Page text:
Advice on getting through the holidays with family

Thanksgiving is upon us again, and while most people are looking forward to a day spent with loved ones, others may be wrestling with complicated feelings around the holiday. Thanksgiving is already a very challenging holiday with its oppressive and problematic history, which is an extremely valid and separate conversation. Still, it is also an opportunity to share a meal with people you’re comfortable with, who make you feel loved and who make you feel welcome.

But not everyone in our community is welcome at home, and not everyone in our community has someone — or a group of someones — with whom to have Thanksgiving dinner.

Judith Martin once said, “If you can’t restrain yourself to treat others with respect, how are you going to get along with anyone?” That’s challenging advice to follow because of how disrespected many LGBTQ people feel and how fearful many LGBTQ people are of what might happen at a family gathering — especially one intended to symbolize gratitude, community, acceptance, love and togetherness.

Having to face family members who are openly hostile towards your gender identity or sexual orientation, having to go back into the closet around family, not feeling safe or supported enough to go home, being homeless due to family rejection or hostility — these are all possibilities many in our community face.

If any of that sounds familiar to you, know that you have full permission to take a pass on this year’s family Thanksgiving and instead create your own traditions with your chosen family. Or maybe Google your local community and outreach centers and see whether they need volunteers that day to help serve dinner for those in need or to answer a helpline or keep an office open.

“It’s just so much more relaxing … when you’re with people who you don’t have to explain things to, and there’s no hurdle of ‘I need to validate my life choices and my identity,’” Alexander Nicholas, a second-generation Filipino-American, explained to the Philadelphia Gay News in 2019.

Conventional holiday advice tells us to put aside our differences and remember that family triumphs over anything else. But relationships with parents, siblings and extended family can — and often do — become increasingly tumultuous for an LGBTQ person.

So, if you decide to attend a family gathering, be out and proud — especially if you’ll have an opportunity to be a role model for kids who might be present. You might be a lifeline to one of them.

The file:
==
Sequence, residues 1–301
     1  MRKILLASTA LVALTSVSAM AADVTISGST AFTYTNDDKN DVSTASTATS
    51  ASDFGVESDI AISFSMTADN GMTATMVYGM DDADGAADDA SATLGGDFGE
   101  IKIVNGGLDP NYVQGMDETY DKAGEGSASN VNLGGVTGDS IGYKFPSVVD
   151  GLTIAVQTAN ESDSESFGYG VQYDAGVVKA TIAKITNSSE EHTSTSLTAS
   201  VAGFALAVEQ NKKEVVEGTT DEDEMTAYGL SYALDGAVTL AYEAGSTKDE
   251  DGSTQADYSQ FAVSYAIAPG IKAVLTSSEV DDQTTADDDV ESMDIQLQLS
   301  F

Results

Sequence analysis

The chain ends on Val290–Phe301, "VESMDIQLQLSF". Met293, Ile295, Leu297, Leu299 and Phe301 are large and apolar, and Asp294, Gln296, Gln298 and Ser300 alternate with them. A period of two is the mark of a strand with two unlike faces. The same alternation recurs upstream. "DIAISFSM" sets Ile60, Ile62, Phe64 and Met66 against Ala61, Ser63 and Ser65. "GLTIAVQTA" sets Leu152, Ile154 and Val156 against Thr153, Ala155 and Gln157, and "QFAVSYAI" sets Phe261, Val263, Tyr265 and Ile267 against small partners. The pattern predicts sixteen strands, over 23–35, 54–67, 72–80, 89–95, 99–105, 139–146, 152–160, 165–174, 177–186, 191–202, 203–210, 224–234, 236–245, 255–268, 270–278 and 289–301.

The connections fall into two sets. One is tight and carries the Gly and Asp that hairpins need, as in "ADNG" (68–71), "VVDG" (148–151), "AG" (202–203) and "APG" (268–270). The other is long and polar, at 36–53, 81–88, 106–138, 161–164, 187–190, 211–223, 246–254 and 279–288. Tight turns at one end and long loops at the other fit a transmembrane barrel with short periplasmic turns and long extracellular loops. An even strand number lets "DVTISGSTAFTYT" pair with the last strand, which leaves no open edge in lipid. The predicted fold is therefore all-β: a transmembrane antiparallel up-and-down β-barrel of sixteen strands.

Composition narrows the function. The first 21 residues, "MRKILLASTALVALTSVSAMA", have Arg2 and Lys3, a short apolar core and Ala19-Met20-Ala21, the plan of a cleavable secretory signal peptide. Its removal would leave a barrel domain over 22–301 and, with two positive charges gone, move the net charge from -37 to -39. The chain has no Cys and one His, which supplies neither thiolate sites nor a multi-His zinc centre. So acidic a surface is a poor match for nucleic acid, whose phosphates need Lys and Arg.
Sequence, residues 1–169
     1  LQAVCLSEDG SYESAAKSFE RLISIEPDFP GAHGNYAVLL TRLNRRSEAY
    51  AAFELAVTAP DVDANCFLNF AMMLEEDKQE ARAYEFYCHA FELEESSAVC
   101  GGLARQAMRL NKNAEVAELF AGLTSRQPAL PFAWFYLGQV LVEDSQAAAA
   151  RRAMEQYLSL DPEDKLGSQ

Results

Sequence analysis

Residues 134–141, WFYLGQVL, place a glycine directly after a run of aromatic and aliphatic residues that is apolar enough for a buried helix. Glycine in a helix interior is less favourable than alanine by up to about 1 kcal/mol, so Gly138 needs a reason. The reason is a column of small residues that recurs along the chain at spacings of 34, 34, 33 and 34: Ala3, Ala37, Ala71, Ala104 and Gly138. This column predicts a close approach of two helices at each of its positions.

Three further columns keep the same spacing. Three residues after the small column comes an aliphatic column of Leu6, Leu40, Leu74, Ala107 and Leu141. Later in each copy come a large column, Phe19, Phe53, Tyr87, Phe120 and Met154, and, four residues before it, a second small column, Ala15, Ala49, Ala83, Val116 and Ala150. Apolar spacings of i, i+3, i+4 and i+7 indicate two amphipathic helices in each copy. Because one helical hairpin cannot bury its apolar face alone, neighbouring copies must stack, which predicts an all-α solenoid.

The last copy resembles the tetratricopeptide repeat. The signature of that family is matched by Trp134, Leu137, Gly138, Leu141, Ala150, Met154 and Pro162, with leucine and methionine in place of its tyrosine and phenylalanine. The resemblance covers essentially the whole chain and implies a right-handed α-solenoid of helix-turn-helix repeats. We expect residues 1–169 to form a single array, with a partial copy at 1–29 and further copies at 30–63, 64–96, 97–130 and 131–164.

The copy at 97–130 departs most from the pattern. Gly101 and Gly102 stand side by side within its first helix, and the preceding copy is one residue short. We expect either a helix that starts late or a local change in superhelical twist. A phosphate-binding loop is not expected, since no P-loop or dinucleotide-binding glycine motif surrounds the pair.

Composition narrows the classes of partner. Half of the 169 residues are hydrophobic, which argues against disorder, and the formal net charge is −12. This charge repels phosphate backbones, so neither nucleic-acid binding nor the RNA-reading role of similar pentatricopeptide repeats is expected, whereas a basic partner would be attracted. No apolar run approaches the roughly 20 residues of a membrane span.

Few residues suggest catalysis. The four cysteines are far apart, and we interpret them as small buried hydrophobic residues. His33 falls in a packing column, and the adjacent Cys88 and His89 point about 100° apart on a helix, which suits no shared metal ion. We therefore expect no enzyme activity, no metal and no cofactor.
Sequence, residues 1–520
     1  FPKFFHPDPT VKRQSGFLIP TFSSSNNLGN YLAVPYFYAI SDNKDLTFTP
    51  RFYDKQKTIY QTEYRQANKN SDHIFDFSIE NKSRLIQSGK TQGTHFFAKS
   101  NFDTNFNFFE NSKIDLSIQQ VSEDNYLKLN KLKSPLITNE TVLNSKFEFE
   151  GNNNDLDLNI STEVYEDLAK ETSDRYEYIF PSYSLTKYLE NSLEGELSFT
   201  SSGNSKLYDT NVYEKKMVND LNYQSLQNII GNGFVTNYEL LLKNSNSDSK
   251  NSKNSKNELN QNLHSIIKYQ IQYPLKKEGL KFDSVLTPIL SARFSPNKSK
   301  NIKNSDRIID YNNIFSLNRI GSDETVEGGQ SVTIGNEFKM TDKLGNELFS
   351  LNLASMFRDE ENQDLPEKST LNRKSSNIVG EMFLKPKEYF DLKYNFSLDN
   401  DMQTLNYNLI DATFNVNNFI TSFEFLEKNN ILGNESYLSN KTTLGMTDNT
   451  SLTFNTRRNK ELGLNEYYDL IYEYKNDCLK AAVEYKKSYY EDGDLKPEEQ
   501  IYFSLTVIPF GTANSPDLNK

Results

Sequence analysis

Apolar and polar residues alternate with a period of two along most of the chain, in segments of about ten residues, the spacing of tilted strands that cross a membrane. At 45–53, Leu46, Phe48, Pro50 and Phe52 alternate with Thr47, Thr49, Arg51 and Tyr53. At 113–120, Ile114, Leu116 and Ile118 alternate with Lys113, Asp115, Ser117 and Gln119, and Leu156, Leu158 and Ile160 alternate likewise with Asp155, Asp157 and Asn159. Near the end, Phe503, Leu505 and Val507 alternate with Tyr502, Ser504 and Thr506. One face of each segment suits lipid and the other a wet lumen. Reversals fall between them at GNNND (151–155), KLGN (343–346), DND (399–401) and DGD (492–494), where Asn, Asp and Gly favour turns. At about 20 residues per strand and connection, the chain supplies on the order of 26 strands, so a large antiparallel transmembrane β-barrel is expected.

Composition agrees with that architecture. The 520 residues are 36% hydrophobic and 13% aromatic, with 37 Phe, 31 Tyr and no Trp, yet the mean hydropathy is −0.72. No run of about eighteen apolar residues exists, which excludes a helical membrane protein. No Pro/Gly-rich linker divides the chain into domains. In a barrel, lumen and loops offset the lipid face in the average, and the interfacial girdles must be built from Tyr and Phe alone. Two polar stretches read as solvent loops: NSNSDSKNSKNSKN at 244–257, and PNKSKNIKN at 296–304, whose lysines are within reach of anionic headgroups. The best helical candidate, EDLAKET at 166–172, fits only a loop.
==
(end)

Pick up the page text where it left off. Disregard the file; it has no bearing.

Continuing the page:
A big part of holiday survival is to have a plan and to use this holiday as an opportunity to learn something about the other side. If the last decade has taught us anything, it’s how little we understand and respect one another.

Practice the art of listening, especially before you speak. Given the divisive times we live in, we need to listen harder to what other people are saying. Don’t immediately accuse relatives of being homophobic, transphobic or racist. While that’s never okay, and you don’t need to tolerate it, calling someone out on it won’t change their attitude. Anticipate challenges and come prepared with healthy responses that keep you above all else, safe.

Budget personal time to decompress. Brainstorm “safe” or neutral conversation topics ahead of time; don’t overextend yourself financially, and, if religion is an important part of the holidays for you, try finding a welcoming congregation.

Being polite has always been a go-to. Offer to set the table and clear the table. Eat the leftovers and ask genuine questions. Make good eye contact to show you’re unafraid, and take that second piece of pie when offered.

You are the expert on your own experience and needs; try not to worry about what other people expect of you. You are still you and should stay true to yourself.

It is also helpful to identify who your allies are. If you have them amongst people in your family who will be at the gathering, try to connect ahead of time. You can even ask for specific kinds of support. For example, if you know your uncle is going to mis-pronoun you but you have supportive cousins, ask your cousin what would feel appropriate in terms of correcting them.

For those who haven’t yet come out, Thanksgiving offers an opportunity to get all of your friends and family in one room to do so. In fact, many people refer to Thanksgiving as “the other National Coming Out Day.” Awkwardness is predictable, but expect the unexpected.

On the flipside, you don’t have to come out on Thanksgiving. Despite how we move and progress, each family remains a case to be studied, considered, appreciated and then conquered. Discussions about sexuality and identities remain difficult and, for many, impossible or impractical. Coming out was, is and will be hard, scary and sometimes even dangerous.

This is the time of year for reflection and gratitude. And even though it may feel impossible, acknowledge the things in your life you’re grateful for, or things you’ve accomplished that you’re proud of — big and small. Write them down. If you keep this list in your phone, you can pull it up whenever/wherever.

Try to have yourselves a Happy Thanksgiving, and remember, you are loved, honored and respected. And those are some incredible reasons to be thankful for.

Finally, remember that you are never alone. The trained Trevor Lifeline counselors are available 24/7/365 at (866) 488-7386 or via text 678-678.